It was sweltering hot in the ancient city of Peshawar, Pakistan, and Powers had spent the night on a cot in an aircraft hangar inside the CIA’s secret facility there.

[…]

The Agency had never attempted to fly all the way across the Soviet Union before, from the southern border near Pakistan to the northern border near the Arctic Circle. From there, Powers would fly his U-2 to a secret CIA base in Norway and land. No Agency pilot had ever taken off and landed at two different bases in a U-2.

This overflight was particularly important to the CIA. Powers would gather valuable photographic information on two key sites. The first was the Tyuratam Cosmodrome, the Soviets’ busiest missile launch base. Tyuratam was Russia’s Cape Canaveral, the place from where Sputnik had been launched. For years the CIA was aware of only one launchpad at Tyuratam. Now there were rumored to be two, and a U-2 overflight in April revealed preparations for an upcoming launch—of what exactly, the CIA wanted to know. After Tyuratam, Powers would fly across Siberia and head up to a facility at Plesetsk, 186 miles south of the city of Archangelsk, in the Arctic Circle. Plesetsk was alleged to be the Soviet’s newest missile-launch facility. Powers’s flight would cover a record 3,800 miles, 2,900 of which would be inside the Soviet Union. He would spend nine nerve-racking hours over enemy territory.

[…]

The reverse would have been unthinkable. Imagine a Russian spy plane flying unmolested over the entire United States, from the East Coast to the West, snapping photographs that could provide details at two-and-a-half-foot increments from seventy thousand feet up.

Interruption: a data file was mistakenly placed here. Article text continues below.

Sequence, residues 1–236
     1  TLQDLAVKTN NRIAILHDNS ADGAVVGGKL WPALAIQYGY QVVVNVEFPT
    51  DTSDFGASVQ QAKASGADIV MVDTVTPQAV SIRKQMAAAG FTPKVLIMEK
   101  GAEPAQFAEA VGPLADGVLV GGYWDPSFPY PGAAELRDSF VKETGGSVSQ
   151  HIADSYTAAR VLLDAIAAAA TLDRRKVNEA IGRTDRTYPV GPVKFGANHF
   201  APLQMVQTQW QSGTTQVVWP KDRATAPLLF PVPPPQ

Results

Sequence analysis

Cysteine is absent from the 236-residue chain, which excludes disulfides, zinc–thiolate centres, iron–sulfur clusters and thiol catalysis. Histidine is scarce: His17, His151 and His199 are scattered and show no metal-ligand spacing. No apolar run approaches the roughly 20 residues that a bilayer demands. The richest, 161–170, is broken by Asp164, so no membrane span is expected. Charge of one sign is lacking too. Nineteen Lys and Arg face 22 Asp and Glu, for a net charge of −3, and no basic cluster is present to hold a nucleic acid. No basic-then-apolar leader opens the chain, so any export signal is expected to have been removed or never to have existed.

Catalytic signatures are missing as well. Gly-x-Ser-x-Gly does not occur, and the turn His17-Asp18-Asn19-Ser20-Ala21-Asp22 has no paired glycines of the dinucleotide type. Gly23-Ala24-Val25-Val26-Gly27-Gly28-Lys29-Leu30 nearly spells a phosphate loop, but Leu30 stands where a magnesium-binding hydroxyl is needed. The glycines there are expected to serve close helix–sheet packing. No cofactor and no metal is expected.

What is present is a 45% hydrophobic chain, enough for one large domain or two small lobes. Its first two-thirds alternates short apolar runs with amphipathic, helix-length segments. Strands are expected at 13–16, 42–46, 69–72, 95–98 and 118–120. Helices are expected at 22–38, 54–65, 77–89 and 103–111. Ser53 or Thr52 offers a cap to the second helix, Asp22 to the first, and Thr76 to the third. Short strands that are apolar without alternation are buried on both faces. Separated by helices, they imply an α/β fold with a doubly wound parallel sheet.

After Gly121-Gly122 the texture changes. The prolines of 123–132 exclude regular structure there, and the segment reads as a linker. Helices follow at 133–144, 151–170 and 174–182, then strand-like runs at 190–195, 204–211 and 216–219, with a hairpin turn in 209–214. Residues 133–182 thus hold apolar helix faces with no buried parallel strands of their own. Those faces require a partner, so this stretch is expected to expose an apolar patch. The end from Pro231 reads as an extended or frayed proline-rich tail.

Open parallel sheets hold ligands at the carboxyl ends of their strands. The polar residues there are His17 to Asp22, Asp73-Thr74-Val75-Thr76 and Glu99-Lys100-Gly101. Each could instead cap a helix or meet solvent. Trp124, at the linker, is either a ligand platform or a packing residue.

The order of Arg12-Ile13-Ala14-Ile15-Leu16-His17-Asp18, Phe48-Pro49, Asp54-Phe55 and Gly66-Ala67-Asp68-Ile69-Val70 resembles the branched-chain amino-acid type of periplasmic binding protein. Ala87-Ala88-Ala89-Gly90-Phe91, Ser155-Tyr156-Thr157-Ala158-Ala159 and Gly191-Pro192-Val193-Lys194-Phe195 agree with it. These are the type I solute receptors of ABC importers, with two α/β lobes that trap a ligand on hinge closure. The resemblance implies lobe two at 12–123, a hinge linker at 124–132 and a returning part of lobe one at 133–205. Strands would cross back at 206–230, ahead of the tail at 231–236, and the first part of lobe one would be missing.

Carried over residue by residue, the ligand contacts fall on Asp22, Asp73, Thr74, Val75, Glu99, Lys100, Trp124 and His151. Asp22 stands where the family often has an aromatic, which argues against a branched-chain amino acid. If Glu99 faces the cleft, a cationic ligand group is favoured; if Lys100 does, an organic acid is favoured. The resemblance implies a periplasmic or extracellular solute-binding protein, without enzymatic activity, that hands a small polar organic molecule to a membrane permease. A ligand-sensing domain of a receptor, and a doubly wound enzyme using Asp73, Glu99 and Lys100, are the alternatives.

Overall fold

[…]

Mother Nature always had the final say. For Powers, a slight wind change meant the schedule for his mission flight that morning was disrupted yet again. Not enough to cancel the mission, but enough so that his navigational maps had to be quickly corrected. The waiting was agonizing. It was also necessary. If his photographic targets were covered in clouds, images from the U-2’s camera would be useless. The navigators needed to calculate when and if the weather would clear.

As Powers sat waiting it out, his commanding officer, Colonel Shelton, crossed the cement floor and indicated he wanted to speak with him.

Colonel Shelton extended his hand and opened his palm. At the center was a large silver coin. “Do you want the silver dollar?” the colonel asked Powers. What Shelton was offering was no ordinary American coin. It was a CIA suicide gadget, designed to conceal a tiny poison pin hidden inside. The pin, which the pilot could find in his pocket by rubbing a finger gently around the coin’s edge, was coated with a sticky brown substance called curare, the paralytic poison found in lethal Amazonian blowpipes. One prick of the poison pin and a pilot would be dead in seconds.